Dec 03

The Status of Post-quarantine Community Theatre in Eastern Massachusetts: An Interview with Kai Chao

Headshot of Kai Chao.

Interview by Kitty Drexel

EMACT website

Boston’s indoor mask mandate was lifted on March 5, 2022 according to the City’s government website. Residents and visitors to Boston are not required to wear a face covering in indoor public spaces such as gyms, bars and restaurants, museums, and entertainment venues.

Many Boston theatre companies still require their patrons to wear face masks when attending professional, live theatre events. Professional theatre companies are guided by union rules but are free to establish their own masking requirements.

The Huntington in Boston strongly encourages masks at evening performances and requires them at matinees. A few blocks away, The Lyric Stage Company encourages masks but doesn’t enforce them. One mile farther, Boston Playwrights’ Theatre requires masks at all performances.

Community theatre companies are not obligated to follow the rules of the Actors’ Equity Association. Director, choreographer, and photographer Kai Chao is the President of Eastern Massachusetts Association of Community Theatres (EMACT). He graciously agreed to discuss the state of our post-quarantine community theatre in New England.

Please note: this interview has been edited for length, clarity, and grammar. Continue reading

Nov 18

Emotional Complexity on a Beige Stage: THE TROJAN WOMEN

trojan ladiesPresented by Theatre@First
Written by Euripides
Translated by Edith Hamilton
Directed by J. Deschene

Nov. 14-22, 2014
Unity Church of Somerville
Somerville, MA
T@F on Facebook

Review by Kitty Drexel
In the interest of full disclosure and transparency, I did audition for this play and was not cast. It is my firm belief that only a narcissistic ass would allow this to taint their review.


“Men are afraid that women will laugh at them. Women are afraid that men will kill them.”

Margaret Atwood

(Somerville, MA) The Trojan Women was first produced in 415 BCE but might as well have been written last year. In it, the women of Troy (now Turkey) are grieving over their beloved fallen city, and the men who have died defending the city from the Greeks. Euripides so captured the trauma of a country torn by war, that his play has been made into a very famous 1971 film (featuring the alluring Katharine Hepburn as Hecuba, a brave and unusual choice) and has survived several adaptations and manipulations. The translation by Edith Hamilton remains the most popular for staging. The movie featuring Hepburn, Irene Papas, and Vanessa Redgrave, etc. is a classic. Continue reading

Sep 20


Honoring National Anti-Bullying Awareness Month in Somerville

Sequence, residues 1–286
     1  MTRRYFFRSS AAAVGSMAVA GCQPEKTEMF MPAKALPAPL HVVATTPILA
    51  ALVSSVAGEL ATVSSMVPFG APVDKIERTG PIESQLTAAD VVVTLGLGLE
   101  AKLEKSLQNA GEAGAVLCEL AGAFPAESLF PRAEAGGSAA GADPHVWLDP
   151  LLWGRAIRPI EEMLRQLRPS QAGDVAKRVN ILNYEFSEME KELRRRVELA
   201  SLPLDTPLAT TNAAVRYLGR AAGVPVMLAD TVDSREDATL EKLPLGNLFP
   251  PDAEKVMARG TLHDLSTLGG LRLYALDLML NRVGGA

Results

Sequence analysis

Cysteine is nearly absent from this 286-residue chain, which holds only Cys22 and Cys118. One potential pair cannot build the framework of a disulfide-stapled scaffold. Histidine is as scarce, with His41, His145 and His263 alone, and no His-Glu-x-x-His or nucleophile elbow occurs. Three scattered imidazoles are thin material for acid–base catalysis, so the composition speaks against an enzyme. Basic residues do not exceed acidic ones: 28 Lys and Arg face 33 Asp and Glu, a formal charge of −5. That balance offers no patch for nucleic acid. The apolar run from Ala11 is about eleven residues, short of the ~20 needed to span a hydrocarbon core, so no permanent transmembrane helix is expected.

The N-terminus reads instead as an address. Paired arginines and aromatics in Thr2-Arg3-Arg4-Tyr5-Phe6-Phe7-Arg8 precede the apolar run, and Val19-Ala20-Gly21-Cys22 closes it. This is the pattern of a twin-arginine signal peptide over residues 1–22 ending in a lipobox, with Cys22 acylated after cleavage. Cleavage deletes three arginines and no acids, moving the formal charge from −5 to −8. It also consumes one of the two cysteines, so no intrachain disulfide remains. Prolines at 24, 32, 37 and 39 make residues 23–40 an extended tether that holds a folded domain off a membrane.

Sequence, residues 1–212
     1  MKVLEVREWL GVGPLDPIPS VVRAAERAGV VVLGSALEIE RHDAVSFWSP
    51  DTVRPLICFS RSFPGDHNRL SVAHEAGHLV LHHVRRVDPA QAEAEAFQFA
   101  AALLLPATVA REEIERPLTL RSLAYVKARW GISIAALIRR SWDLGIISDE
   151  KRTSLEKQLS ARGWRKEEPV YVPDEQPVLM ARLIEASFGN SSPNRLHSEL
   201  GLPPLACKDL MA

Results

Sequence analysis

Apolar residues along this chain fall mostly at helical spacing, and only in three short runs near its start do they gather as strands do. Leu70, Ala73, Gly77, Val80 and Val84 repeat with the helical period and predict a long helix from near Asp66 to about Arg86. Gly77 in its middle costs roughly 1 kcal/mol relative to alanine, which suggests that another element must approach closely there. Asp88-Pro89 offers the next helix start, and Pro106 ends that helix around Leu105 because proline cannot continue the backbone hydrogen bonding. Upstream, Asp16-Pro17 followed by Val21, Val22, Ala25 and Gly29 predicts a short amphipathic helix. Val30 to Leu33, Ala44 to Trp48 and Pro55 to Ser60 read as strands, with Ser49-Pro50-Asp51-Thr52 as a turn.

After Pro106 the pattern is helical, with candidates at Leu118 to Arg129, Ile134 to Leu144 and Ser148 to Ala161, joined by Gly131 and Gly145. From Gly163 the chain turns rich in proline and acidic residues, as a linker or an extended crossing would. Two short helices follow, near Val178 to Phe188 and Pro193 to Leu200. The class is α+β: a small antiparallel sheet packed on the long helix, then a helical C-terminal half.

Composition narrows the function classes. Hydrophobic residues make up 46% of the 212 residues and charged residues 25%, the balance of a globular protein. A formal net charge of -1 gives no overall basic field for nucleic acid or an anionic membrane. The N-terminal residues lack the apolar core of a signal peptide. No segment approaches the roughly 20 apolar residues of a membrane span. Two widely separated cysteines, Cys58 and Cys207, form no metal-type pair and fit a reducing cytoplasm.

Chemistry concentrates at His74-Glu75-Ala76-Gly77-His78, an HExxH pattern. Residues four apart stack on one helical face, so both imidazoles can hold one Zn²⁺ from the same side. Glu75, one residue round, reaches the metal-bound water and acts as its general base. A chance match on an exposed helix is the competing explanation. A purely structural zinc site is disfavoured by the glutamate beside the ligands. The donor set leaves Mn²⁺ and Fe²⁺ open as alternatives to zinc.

Portion of the proceeds to benefit the local anti-bullying work of Teen Empowerment
Directed by Jeanné Callinan

October 23-24 @ 7pm
The Somerville Theatre
Davis Square, Somerville, MA
Order tickets now via Vendini:
Theatre@First on Facebook

(Somerville) For first time director Jeannè Callinan, the hardest thing about her son being bullied was “the terrible feeling of being alone.” After members of her community rallied around her teenaged son and supported the family through their crisis, Callinan was compelled to let others know that they are not alone. On October 23rd and 24th at 7pm, Theatre@First presents The Bully Plays at the Somerville Theatre. Directed by Callinan as part of National Anti-Bullying Awareness Month, The Bully Plays will donate a portion of its proceeds to benefit the local anti-bullying work of Teen Empowerment ( Callinan is not the only production member turning negative experiences into positive engagement. Jason Hair-Wynn, an ensemble member who experienced bullying as a teenager, credits his family, specifically his mother and various local LGBT groups such as BAGLY for helping him in the face of harsh, anti-gay bullying that escalated into physical violence. A survivor of a hate crime in high school, he moved on to run workshops on making schools safer for all students. The ten one-acts chosen from the anthology The Bully Plays focus on kids within the American school system to force us to confront bullying as it happens: to our faces, behind our backs, across our social media, through our phones, and into our heads. Methods to combat aggression are brought to light on stage,often from a younger perspective than one would typically find in local community theatre.

The Bully Plays

Since 2003, Theatre@First has drawn on community talents and resources to offer thought-provoking entertainment, and to address issues of local concern through the universal language of theatre. This multi-faceted production encourages people to talk about difficult situations and come up with their own
strategies, perhaps by connecting to resources or simply by speaking with sympathetic listeners. Youth
activists from Teen Empowerment and a therapist will be available to talk after performances. Students,
teachers and parents are especially encouraged to attend. Group discounts are available for parties of six
or more by emailing groups AT

The Plays:
Alex by José Casas
Blu by Gloria Bond Clunie
The Bully Pulpit by Dwayne Hartford
Bully There Be by Lisa Dillman
Bystander Blues by Trish Lindberg
Conundrum by Brett Neveu
Downhill by Eric Coble
Final Testimony of Henry Sampson by Y York
Nobody Nose by Barry Kornhauser
“Send” by Linda Daugherty